A final problem with the sequences reported by Lo et al. is that they do not exhibit the sort of evolution expected for long-term infection. Although these authors reported that sequences that appeared to show evolutionary changes were obtained from some of the same patients ~15 years after the initial sampling , examination of the sequences made available in the GenBank database reveals that the “evolved” sequences are in fact very similar to other endogenous MLVs. (Figure 6, right panel) . Rather than evolving as would be expected of a true infecting virus, these sequences therefore seem to be simply moving up and down the MLV phylogenetic tree. The conclusion that they represent MLV sequences amplified from trace mouse DNA contamination is inescapable.
4. Particular Issues regarding Detection of MLVs as Possible Human Pathogens
The initial reports of association between endogenous MLV-related viruses and human disease were attractive because of their biological plausibility: MLV-related viruses cause a similar variety of diseases in mouse models ; close contact between mice and humans can result in zoonotic infection; the virus isolated is highly infectious for at least some human tumor cell lines [17, 38]. As the studies presented here unfolded, however, a number of experimental issues regarding the possibility of detection of endogenous proviral sequences and their confusion with replicating viruses infecting human patients came to light. There are a number of lessons that should be heeded in the development of future studies.
First, low levels of mouse DNA contamination are very commonly found in laboratory reagents. In some cases, this DNA can be attributed to the inclusion of mouse-derived products, such as monoclonal antibodies in PCR reagents, or used for isolation of cells [27, 28, 30, 32, 33]; in others, the source of mouse DNA is less than clear, but given the close relationship of human and wild mouse activity, it is not hard to imagine that mice can leave traces in many places that can find their way into almost any laboratory reagent or supply.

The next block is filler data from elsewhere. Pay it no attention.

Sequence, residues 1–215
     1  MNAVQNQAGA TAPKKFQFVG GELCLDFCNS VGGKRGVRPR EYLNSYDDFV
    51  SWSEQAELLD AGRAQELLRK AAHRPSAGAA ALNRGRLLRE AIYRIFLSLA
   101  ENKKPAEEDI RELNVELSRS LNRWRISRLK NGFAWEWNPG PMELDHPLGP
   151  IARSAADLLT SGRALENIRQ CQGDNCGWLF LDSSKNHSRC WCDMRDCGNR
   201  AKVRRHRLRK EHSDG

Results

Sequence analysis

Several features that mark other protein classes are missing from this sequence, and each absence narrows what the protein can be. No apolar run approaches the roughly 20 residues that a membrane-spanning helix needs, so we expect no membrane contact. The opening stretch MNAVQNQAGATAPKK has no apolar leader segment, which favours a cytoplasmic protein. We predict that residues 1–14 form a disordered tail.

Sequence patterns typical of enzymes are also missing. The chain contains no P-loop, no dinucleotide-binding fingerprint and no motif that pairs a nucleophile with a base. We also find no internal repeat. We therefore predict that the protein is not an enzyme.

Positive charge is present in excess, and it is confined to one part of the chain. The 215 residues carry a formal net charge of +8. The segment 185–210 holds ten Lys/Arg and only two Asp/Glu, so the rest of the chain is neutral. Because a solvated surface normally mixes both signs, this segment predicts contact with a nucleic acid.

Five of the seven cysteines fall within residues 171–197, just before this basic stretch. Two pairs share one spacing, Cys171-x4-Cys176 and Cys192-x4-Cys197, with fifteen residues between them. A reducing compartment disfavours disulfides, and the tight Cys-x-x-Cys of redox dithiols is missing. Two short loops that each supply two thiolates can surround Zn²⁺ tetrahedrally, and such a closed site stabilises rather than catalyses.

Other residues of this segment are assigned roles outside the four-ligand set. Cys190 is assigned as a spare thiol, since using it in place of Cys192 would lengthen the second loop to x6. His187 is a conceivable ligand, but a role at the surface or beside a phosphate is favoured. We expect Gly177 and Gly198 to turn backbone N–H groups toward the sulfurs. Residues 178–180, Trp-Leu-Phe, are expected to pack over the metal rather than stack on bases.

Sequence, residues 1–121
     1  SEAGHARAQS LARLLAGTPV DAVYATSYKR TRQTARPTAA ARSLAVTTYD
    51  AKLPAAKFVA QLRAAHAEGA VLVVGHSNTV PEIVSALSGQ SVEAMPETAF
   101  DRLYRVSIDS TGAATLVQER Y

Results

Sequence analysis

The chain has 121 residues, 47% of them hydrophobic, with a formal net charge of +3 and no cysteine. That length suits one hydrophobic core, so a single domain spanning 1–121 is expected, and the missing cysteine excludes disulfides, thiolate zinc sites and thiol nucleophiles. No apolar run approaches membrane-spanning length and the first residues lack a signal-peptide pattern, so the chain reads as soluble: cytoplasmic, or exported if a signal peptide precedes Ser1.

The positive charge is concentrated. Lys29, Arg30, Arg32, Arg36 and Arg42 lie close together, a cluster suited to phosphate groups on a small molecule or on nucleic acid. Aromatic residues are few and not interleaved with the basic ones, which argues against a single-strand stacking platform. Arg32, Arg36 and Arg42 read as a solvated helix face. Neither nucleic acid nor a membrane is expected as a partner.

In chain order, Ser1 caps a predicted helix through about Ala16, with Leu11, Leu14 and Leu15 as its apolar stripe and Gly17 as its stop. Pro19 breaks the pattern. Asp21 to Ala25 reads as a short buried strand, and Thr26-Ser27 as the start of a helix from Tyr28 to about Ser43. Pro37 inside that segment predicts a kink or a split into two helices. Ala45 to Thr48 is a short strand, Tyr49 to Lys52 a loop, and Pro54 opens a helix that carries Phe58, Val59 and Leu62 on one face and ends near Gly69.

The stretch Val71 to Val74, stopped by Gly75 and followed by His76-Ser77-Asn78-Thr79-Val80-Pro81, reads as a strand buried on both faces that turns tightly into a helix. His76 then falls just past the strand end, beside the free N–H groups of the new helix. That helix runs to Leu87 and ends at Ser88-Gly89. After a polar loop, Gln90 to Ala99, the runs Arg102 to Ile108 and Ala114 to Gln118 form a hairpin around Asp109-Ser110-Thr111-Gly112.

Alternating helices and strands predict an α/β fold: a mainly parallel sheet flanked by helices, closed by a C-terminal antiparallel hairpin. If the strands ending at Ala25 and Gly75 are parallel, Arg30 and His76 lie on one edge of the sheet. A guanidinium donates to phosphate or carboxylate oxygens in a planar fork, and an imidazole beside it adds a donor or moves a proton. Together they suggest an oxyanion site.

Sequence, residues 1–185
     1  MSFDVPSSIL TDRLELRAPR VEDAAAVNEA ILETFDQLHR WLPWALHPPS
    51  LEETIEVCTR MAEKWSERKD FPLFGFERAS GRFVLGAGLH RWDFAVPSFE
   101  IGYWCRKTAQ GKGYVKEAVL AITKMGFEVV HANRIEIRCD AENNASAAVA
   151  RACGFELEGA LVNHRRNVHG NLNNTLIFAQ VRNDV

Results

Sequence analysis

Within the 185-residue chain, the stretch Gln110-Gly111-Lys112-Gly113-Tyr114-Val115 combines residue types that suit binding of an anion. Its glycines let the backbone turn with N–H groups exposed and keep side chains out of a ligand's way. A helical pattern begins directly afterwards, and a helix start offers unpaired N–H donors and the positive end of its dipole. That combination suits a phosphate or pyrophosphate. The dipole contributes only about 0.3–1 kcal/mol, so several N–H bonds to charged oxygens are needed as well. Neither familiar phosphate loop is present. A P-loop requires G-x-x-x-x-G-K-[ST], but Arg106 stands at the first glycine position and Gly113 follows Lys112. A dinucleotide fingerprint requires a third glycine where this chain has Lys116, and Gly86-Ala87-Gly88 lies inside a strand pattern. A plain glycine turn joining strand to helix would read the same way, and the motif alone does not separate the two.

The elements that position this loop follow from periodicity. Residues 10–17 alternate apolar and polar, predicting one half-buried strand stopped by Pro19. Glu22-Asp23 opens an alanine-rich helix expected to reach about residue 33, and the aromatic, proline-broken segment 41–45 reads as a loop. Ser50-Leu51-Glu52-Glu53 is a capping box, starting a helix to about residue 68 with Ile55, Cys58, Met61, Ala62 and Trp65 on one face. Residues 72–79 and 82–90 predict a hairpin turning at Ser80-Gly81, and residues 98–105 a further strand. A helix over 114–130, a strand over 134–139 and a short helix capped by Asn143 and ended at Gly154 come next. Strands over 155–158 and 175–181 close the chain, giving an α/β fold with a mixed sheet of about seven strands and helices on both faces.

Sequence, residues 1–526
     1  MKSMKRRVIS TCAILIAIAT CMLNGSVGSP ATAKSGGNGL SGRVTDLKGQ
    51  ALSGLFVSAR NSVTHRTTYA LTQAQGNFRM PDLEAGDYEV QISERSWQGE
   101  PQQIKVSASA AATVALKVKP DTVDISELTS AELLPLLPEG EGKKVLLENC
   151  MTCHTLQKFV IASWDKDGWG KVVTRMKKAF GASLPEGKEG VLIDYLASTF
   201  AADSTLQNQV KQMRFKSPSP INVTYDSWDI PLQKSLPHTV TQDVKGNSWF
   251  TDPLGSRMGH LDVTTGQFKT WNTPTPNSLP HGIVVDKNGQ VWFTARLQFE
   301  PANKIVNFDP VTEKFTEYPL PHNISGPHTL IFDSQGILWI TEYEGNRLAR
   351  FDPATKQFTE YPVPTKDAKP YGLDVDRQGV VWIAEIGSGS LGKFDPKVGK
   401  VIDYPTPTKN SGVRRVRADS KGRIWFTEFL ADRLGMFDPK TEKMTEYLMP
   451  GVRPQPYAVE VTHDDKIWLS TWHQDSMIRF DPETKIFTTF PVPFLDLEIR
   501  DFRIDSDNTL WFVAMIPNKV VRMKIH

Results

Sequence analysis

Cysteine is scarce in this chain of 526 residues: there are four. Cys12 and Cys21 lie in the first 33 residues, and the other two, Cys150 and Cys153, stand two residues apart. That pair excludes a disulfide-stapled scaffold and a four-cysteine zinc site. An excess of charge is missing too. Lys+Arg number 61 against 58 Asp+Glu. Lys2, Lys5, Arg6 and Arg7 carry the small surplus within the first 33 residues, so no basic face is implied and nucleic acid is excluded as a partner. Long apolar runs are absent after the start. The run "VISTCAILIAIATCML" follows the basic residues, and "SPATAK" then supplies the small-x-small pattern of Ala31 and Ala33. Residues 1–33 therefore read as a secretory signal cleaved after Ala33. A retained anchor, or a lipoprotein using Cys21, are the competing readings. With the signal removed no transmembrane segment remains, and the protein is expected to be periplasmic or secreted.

A second, related issue regards the provision of appropriate controls. Given the apparent sporadic nature of this sort of contamination, it is absolutely essential that controls and patient samples be exactly matched, not only for personal characteristics, such as age, gender, geography, and so forth, but also in the reagents and materials (tubes, needles, etc.) used to obtain and process the assay samples. Unfortunately, such caution is often not the case, particularly in retrospective studies . Clinical samples are often collected as at least two separate groups, the simplest example being patient versus control samples. This lack of caution can result in detection of a contaminant in one set of samples and not the other, resulting in false association of virus with human disease. Differential association between two different groups of clinical specimens can occur, even if the detected entity is an artifact. In fact, in the study by Oakes et al. , MLV sequences were detected preferentially in healthy controls drawn at a later time and processed by a slightly different method. One possible explanation for such erroneous associations is that the two groups might have been handled differently, collected at different times by different people at different locations using different reagents, supplies, or methods. Furthermore, tubes containing patient samples may have been accessed more frequently and under different circumstances than controls. For these reasons, blinding of investigators to which samples are cases and which are controls for such studies is crucial. Examples of such false associations have persisted, even when independent laboratories had confirmed findings after the initial report .